Professor Giovanna Lombardi
Professor of Human Transplant Immunology
& Mucosal Biology
Date started at King’s
Challenges and achievements
Biography highlighting any professional achievements and milestones which are important to you.
I started my scientific career in Rome at the University ‘La Sapienza’. I moved to the UK in 1987 and started my scientific career in the UK at the Hammersmith Hospital in the Department of Immunology. I was promoted to Senior Lecturer and then Reader in the same Department in 1995 and 2002, respectively. In 2005 I moved to KCL in the Division of Transplant Immunology and Mucosal Biology as a Reader and I become Professor in 2008. I am now the head of the Department of Immunoregulation and Immunointervention and co-lead of the Cluster I of the BRC.
A brief summary of your research interests, grants awarded and publications
During the first few years in the UK I was involved in dissecting the mechanisms behind solid organ graft rejection and contributed to dissecting the molecular basis of allorecognition. At the end of 1990 I contributed to the discovery of human regulatory T cells and since then I have built a research programme aiming to understand more about the biology of these cells and ultimately using this population of cells to induce tolerance in patients receiving solid organ transplants. I am now ready to start two clinical trials in which Tregs will be used to prevent kidney and liver transplant rejections.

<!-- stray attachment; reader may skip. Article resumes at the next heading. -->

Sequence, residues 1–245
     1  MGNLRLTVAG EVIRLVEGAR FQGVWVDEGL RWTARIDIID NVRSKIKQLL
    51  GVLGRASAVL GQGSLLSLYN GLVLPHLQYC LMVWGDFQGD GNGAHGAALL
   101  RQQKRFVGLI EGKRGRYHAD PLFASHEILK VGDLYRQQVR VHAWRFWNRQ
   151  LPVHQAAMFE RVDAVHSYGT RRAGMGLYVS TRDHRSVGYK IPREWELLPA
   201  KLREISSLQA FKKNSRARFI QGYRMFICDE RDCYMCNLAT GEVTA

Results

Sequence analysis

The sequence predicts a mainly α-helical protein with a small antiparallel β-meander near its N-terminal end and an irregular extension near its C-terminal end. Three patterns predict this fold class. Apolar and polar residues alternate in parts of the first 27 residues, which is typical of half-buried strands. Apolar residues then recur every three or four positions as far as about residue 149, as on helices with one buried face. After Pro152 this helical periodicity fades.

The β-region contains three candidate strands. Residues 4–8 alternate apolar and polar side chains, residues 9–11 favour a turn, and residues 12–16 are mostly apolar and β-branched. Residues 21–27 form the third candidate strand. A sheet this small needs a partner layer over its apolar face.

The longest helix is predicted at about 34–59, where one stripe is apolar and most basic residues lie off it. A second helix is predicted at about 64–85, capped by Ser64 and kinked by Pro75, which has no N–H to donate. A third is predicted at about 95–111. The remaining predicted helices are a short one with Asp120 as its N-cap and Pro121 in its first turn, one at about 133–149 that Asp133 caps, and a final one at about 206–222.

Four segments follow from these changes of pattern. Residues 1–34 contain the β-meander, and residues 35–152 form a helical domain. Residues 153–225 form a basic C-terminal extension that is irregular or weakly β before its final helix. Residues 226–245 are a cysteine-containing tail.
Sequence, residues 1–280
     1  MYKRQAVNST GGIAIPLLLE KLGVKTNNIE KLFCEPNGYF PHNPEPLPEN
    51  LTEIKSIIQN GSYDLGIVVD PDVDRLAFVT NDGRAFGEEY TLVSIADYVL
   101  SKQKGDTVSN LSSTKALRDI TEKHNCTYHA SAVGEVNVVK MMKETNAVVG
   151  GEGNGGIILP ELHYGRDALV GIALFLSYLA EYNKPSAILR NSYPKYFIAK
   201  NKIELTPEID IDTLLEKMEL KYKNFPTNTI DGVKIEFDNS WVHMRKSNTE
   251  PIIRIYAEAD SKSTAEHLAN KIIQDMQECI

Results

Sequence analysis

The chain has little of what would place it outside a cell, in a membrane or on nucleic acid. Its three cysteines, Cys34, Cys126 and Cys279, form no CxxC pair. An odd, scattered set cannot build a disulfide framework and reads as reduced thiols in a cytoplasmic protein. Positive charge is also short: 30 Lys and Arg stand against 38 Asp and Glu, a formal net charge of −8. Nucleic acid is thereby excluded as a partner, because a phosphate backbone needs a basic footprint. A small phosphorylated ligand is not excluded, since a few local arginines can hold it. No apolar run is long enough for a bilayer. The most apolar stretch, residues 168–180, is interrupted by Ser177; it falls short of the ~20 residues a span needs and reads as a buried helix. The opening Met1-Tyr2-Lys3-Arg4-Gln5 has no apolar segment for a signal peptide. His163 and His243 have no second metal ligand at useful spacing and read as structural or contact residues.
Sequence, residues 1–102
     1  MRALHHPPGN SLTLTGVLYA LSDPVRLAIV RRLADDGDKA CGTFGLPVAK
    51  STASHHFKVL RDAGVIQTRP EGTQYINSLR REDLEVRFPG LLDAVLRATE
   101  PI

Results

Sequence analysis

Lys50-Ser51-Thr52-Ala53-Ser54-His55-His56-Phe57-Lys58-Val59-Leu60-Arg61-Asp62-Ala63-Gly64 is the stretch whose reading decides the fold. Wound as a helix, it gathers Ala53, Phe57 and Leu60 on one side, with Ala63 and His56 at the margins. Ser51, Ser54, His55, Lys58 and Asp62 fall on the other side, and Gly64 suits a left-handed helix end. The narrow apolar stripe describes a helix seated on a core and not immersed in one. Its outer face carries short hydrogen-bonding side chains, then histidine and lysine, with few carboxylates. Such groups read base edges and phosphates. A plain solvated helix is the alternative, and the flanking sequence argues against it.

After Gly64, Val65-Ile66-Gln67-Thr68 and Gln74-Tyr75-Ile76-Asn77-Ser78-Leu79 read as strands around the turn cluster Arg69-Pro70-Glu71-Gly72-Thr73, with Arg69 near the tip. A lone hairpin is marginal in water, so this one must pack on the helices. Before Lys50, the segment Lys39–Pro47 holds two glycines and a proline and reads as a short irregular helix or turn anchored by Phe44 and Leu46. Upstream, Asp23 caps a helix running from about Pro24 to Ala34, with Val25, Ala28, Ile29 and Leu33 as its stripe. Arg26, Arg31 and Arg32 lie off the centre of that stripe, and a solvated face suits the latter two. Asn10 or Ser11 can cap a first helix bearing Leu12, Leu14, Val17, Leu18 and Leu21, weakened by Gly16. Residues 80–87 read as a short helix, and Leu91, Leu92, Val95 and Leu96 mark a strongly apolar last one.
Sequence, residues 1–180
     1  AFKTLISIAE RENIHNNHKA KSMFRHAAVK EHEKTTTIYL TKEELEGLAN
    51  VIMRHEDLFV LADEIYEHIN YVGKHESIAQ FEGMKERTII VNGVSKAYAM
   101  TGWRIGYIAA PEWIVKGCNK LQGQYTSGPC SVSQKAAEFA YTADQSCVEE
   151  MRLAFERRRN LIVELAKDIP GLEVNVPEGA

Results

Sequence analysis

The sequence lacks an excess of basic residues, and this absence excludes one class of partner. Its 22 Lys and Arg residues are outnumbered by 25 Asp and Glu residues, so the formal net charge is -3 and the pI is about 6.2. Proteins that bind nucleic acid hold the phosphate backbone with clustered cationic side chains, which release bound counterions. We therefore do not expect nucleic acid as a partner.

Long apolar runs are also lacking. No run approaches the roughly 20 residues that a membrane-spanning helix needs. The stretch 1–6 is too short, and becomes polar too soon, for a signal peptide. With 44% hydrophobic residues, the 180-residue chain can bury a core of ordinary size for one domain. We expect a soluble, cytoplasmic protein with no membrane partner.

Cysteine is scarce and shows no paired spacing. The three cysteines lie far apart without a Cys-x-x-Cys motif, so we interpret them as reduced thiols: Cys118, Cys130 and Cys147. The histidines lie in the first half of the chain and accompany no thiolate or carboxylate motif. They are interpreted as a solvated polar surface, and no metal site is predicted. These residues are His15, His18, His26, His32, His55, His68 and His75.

Any details you wish to share about how being female has impacted upon your career (positively or negatively)
The biggest challenge in my life has been to combine my scientific career with my personal life. I had two children late in life and for more than 10 years they were my priority. I decided to stop travelling to any meeting outside the UK and I am sure that my international image suffered as a consequence of that. In addition being a single child I had to be present in my mother’s life (she used to live in Rome, Italy) and in particular during the last year of her life I travelled to Rome at least once every three weeks (the children were still very young, creating some challenges). It was only after all these that I received the promotion to Professor and I am sure that for all that reasons and because I did not “tick all the boxes” (including presentation at international meetings!) my acquisition of a Professorial title came later than for many of my male colleagues.